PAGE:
It certainly seems that Beyonce’s “Drunk In Love” is inspiring more than just overflowing bathtubs and increased sales of mops and buckets.
Some of the more righteous Youtube singers have taken the hit single and put a sanctified spin on it. Like YouTube user LaThelma Armstrong, who walks into the church, sits down in the pew and starts belting out:
I’ve been prayin’, I’ve been prayin’.
I can’t keep quiet when the spirit gets into me.
I’ve been thinking, I’ve been thinking
Why can’t people see they need you Jesus
We need you. Yeah, Yeah…
I’m not going to lie, the girl’s voice is on point. And I can’t stop singing “I been prayin, I been prayin…” – that’s until it gets to the bridge of the song, then it gets a bit weird for me, particularly the lines:
“God fill me up, half way and use me for your purpose.
Studying your word, Stu-studying your word.
I’m swerving on that, Swe-swerving on them
Cursing, I’ve been trusting in you.
Trust it’s working for my good-good…”
Jesus? Good-good? All in the same sentence? And that brings me to my point: who hears a song about drinking Jay Z’s babies (shivers at the visuals) and riding the D in bathtubs and thinks Jesus?
Well okay, maybe if the dude you are surfboarding has the last name of Rodriquez, that would make sense. And sure, good sex has been considered by many to be comparable to a religious experience. So it wouldn’t be that much of a stretch to think of Jesus, along with Abraham, Moses, Allah, Xenu and the spaghetti monster too. However that is in another context. And I’m thinking that if I’m driving down the street, listening to “Drunk in Love” on the radio (and not while on the D), I’m not thinking that this needs a gospel remix.
Not to mention that whole thing is like bad Christian karaoke. Or worse, this guy I used to work retail with back in the day. He too was a singer with long roots in the church. He also liked to praise HIM through song all damn day long. Even when assisting other customers, he would be humming melodically under his breath. It’s when we rode the bus to and from work, where he would take his praise up a notch. Just like Tyrese in that Coca-Cola commercial, he would stand towards the back of the bus he would belt out some of the most ear-enchanting vocals this side of heaven. There would be hand clapping and plenty of riff and runs, mostly to the delight of fellow passengers. Mostly. Those who rode the bus frequently grew tired early on with his impromptu revival, in particular his penchant for taking top 40 songs and adding Jesus’ name in it. Like changing Sisqo’s “The Thong Song” to: “Without Jesus, you’re dead wrong, wr- wrong, wrong, wrong…”
I guess these gospel remixes shouldn’t bother me as other genres of music co-opt themes and completely lift whole songs without raising an eyebrow. Reggae is a good example of that. And so is Go-Go music. There are even a few secular songs, which have borrowed material from the gospel songs. So technicality, it shouldn’t come as much of a surprise if a gospel singer does the same.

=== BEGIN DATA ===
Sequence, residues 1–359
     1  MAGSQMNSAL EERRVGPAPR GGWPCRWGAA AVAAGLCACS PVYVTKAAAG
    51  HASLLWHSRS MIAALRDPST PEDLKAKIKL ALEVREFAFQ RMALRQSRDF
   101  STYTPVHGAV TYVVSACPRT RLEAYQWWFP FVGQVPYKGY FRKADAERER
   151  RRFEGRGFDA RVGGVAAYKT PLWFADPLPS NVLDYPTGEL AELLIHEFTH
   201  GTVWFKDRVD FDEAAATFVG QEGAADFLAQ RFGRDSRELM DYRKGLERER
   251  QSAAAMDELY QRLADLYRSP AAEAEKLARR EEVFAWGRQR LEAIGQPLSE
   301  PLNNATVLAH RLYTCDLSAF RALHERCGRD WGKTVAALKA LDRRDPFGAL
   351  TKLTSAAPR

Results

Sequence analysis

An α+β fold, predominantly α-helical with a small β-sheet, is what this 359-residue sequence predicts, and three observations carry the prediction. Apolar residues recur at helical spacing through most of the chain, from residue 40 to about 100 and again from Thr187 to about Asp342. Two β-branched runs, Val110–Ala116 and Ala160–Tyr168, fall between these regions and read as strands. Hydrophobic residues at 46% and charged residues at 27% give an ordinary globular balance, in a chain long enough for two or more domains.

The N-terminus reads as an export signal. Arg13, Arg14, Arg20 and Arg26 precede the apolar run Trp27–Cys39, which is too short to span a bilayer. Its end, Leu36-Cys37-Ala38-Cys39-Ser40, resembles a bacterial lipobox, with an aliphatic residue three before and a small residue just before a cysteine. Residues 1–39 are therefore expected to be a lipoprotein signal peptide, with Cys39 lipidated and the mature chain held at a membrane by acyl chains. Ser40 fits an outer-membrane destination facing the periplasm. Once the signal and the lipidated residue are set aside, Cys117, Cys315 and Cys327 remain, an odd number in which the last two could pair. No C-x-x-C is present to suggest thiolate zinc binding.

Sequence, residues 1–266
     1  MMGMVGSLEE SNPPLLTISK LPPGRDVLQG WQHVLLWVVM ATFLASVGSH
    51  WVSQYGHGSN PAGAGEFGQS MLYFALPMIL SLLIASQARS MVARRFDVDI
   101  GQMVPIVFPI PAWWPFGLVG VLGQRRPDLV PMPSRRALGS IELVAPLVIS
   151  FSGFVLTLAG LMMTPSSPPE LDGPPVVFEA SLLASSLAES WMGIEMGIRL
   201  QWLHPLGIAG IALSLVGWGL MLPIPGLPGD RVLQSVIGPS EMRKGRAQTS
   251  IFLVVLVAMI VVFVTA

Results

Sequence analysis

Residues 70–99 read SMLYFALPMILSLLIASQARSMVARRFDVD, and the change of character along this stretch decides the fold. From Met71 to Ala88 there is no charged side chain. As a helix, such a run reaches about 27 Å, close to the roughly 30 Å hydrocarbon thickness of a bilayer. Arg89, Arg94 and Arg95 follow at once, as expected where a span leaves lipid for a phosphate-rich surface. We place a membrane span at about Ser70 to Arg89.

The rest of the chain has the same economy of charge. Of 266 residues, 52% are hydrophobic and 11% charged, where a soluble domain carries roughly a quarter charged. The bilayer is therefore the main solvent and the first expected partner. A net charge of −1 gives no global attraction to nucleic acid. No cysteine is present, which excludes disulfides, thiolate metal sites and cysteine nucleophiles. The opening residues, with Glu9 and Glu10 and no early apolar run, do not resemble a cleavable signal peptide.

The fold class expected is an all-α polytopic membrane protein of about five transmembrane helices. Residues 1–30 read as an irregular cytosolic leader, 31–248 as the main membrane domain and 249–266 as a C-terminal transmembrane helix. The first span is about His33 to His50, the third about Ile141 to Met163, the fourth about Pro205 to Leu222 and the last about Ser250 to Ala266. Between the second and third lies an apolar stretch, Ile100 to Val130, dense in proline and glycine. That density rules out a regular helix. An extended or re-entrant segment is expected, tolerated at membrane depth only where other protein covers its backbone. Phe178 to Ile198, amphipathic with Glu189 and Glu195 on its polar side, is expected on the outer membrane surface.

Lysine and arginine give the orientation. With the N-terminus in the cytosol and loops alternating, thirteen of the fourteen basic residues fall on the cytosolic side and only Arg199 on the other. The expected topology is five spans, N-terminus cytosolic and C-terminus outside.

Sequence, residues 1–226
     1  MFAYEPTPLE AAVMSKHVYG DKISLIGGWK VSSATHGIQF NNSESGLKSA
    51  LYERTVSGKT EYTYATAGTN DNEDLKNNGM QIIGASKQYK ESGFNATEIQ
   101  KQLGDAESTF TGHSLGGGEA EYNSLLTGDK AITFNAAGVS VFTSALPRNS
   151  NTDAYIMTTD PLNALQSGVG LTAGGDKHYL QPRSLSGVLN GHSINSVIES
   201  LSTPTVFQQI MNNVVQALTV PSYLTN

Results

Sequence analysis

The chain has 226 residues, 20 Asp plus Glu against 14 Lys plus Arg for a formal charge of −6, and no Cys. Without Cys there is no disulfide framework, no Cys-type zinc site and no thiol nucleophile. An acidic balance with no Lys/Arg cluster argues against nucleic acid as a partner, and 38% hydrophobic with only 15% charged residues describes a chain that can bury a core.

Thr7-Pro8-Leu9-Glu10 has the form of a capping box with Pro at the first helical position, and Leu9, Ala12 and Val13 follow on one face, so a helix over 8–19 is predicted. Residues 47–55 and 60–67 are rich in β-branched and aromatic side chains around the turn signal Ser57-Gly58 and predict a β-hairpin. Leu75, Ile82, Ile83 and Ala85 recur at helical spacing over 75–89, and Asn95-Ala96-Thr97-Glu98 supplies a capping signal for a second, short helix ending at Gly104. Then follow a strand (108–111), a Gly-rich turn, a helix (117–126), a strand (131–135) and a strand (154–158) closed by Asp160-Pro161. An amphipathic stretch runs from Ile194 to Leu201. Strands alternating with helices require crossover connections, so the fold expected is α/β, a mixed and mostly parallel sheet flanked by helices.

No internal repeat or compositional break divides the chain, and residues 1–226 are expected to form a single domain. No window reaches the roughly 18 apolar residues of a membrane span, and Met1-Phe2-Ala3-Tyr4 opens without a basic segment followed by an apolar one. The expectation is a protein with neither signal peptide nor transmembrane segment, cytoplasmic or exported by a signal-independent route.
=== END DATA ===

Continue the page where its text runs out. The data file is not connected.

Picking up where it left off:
Besides, while lyrics are important, most times it is the rhythm and beats, which tend to move us. Although, I typically am not a listener of gospel music, I do like some of Kirk Franklin’s, Mary Mary’s and a few other artists who tend to mix secular with their Jesus-worshipping. Also I don’t mind when rappers like DMX, Bone, Thugs & Harmony and Kanye West mix their religiosity without their secular arts neither. And I am not alone. My best friend, who was born and reared as a Muslim, once confessed to me about the time, she was the car, dressed in full garb, singing at the top of her lungs, “Jesus Walks…,” to the bemusement of traffic in the passing lanes. Point is, if it is a good song, it does not really matter which genre or style the song borrows from.
With that said though, I do feel like there are lines, which should not be crossed because no matter how good a song is, sometimes our subconscious mind will have a hard time separating the original context with its newer, more church-friendlier version. In particular, adapting secular songs with sexualized meaning and content, like the gospel song Baby Got Book, which is a remix of Sir Mix Alot’s rump shaking classic “Baby Got Back.” It features inspirational lyrics like, “I like Big Bibles And I can’t not lie…” Nope, still thinking about Becky and them staring and gawking at that big black butt. Or this guy with the gators and crushed velour suit, who on some local Atlanta-area talk show, committed one of the most egregious cases of copyright infringement with his gospel rendition of R Kelly’s “Bump N Grind” that included such sanctimoniously-sexay lyrics as “I don’t see nothing wrong, with living for Jesus Christ-es…” Not to sound too much like blasphemy but it all does makes me wonder about what kind of relationship some folks are envisioning themselves having with the man upstairs?
And that’s the problem that I have with the “Drunk in Love” gospel remakes. No matter how hard I try, all I keep thinking of is: “surfboard, graining on that wood…” Now I confess: I am a bit of a freak. So depending on what version of God we are we talking about here… If it is Morgan Freeman God? I’ll pass. However if we can get Hollywood to stop being racist and make Idris Elba our Lord and Savior than I would humbly bow to that. Watermelon.